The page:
Beyond superficial with CSS3

Last week I wrote Building for Future Design — the notion: to advance web design we must build on solid foundations. Never forget accessibility.

Six Revisions published the very timely article Are You Using CSS3 Appropriately? by Delwin Campbell this week in which he reaches similar conclusions to me; usability, accessibility and user experience are our main objectives.

It’s a very good article, but I do disagree with some of Campbell’s sentiments. He suggests that many CSS3 features are purely “superficial”:

In terms of design principles and visual presentation best practices, nothing has been altered by CSS3, even when we’ve been given fancy transitions, transforms and typography effects to play with. These are all superficial tools in web design, and we’ve had these things even before CSS3. […] From the user’s perspective — which is always the most important viewpoint — these new cosmetic CSS3 properties matter even less.

I don’t like that thinking. Popular usage has been superficial to-date but there needs to be a clear distinction between how CSS3 is being used now — yes, mostly cosmetic — and how it could be used in the near future. What has held us back is lack of browser support and poor rendering & performance (limiting us to simple eye candy). The same can be said for pre-CSS3 techniques like JavaScript animations.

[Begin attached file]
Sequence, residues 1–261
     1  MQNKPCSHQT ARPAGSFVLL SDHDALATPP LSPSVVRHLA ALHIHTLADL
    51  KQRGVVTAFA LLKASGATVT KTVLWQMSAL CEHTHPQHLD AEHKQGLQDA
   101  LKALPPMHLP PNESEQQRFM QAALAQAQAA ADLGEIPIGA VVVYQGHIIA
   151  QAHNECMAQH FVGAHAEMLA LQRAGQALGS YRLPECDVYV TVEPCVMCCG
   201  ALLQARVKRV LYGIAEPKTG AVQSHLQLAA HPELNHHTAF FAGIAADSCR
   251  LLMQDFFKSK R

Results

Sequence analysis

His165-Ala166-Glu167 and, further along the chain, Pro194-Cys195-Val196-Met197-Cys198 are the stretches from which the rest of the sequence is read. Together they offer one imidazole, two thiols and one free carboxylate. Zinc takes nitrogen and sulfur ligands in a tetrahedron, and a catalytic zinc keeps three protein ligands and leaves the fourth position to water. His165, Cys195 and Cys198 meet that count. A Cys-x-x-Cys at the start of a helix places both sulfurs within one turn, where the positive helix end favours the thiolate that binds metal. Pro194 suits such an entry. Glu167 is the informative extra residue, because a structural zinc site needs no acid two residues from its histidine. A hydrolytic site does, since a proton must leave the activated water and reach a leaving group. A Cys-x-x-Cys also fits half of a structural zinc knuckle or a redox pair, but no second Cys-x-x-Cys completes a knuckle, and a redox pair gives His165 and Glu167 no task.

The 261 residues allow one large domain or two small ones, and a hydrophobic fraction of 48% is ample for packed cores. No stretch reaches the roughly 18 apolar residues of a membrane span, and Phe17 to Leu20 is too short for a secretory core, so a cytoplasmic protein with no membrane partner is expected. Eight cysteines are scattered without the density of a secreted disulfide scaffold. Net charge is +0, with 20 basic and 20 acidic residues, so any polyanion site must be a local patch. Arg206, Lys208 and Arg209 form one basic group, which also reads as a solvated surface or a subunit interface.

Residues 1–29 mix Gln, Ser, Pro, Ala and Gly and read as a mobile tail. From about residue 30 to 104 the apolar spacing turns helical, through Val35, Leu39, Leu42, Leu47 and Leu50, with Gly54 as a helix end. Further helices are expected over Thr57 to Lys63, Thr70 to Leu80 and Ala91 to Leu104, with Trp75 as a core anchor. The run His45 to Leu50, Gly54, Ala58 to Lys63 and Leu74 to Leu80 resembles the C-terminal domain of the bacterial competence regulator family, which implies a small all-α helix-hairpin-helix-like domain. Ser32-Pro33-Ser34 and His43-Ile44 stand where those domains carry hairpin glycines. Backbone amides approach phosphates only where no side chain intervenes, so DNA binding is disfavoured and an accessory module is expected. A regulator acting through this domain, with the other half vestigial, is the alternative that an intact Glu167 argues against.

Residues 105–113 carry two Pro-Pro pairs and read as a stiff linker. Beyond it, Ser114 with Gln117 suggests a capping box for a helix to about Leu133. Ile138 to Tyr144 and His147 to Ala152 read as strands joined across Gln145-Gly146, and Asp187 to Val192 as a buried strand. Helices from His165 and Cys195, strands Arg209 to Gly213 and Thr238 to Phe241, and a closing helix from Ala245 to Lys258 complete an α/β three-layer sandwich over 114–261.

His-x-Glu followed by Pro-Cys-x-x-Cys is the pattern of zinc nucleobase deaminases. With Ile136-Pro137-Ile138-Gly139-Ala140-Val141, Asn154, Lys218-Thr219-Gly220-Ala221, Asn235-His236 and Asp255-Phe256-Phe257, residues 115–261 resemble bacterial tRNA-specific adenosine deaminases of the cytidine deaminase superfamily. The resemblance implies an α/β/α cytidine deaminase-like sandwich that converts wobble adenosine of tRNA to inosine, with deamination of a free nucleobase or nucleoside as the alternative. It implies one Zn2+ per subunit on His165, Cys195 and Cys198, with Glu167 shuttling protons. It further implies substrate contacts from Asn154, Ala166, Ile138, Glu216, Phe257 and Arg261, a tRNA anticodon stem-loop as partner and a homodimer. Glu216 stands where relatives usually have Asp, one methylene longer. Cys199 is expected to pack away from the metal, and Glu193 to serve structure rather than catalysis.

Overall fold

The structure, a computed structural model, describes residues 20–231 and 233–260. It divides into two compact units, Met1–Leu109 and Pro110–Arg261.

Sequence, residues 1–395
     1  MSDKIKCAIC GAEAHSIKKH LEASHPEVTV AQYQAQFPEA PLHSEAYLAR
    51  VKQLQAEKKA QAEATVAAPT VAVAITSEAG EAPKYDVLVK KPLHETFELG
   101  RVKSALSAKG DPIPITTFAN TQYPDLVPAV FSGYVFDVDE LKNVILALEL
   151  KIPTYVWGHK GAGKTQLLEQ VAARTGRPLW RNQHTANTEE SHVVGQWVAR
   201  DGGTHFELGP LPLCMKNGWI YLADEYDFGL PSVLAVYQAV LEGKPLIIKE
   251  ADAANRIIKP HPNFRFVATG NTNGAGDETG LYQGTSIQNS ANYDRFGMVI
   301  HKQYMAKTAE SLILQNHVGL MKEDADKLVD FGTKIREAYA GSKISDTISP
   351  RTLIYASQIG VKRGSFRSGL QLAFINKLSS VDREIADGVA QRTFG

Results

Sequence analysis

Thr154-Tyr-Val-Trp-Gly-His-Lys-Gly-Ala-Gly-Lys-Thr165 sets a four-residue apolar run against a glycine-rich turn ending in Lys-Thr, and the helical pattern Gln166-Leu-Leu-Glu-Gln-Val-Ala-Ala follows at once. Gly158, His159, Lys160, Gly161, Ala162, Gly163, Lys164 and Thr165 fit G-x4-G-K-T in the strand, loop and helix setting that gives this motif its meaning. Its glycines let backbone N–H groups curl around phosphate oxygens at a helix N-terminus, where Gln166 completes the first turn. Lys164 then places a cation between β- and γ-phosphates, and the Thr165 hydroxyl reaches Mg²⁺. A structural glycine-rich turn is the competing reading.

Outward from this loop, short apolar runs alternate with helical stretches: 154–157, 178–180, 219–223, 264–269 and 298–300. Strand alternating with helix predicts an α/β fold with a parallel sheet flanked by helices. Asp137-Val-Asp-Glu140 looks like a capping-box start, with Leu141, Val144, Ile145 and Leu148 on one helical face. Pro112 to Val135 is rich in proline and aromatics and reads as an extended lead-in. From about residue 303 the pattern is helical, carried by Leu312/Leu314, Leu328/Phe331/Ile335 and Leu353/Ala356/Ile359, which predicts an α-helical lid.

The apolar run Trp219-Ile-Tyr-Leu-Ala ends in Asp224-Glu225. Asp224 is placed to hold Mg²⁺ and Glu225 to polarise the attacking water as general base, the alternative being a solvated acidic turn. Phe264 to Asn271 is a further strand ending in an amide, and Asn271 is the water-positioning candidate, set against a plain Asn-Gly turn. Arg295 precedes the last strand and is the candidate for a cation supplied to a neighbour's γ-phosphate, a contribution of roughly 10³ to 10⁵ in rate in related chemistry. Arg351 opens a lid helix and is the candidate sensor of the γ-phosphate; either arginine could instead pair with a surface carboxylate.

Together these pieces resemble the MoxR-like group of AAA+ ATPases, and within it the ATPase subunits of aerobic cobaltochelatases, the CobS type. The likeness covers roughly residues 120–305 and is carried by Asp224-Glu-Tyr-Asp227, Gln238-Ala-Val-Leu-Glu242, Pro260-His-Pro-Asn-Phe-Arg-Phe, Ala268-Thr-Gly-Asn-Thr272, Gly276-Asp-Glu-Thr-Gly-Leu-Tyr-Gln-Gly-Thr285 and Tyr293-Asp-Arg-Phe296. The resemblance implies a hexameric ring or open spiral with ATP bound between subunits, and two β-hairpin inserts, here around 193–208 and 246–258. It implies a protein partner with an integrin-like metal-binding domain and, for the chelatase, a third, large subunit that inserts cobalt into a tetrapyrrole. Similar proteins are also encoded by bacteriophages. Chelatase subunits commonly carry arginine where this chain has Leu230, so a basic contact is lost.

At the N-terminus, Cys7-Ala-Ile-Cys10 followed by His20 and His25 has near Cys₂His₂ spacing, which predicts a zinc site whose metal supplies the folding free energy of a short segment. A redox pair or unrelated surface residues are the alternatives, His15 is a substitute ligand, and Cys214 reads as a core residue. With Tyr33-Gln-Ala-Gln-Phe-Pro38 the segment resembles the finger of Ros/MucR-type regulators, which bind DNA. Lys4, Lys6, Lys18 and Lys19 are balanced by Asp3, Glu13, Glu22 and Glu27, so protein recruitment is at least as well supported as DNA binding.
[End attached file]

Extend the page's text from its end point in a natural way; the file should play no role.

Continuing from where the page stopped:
And what’s beyond?

Where can CSS3 take us beyond superficial sprinkles? I don’t have all the answers, but I do believe the future of web design will be hugely influenced by what we can innovate with CSS3 (and friends). Second only to the devices that support these web standards.

I’d point to the recently launched Apple iPhone 4S website as a tantalising example of where our future could lead us (you’ll have to visit and click through the slideshow). Nothing more than a very advanced image slideshow I’m sure you’ll agree and — if you can get past the fact that I (a designer) have chosen Apple as an example — that sort of design ships products and delights users. It is a very small but definitely not superficial step into a new standard of design.

Apple iPhone 4S website (as of 5th October 2011)

Apple’s iPhone 4S website with a CSS3 transform slideshow.

Now don’t get me wrong, I’m well aware that Apple’s website is far from perfect but I think its an effort worth applauding. My point is that we shouldn’t be so quick to dismiss new technologies that cannot be fully utilised and haven’t been fully explored.

As Campbell rightly points out we should be “using CSS3 appropriately”, but I wouldn’t be so quick to accept the status quo as a benchmark for acceptable practice.

Design evolves and the future of web design lies within web standards. Let’s see what we can do.

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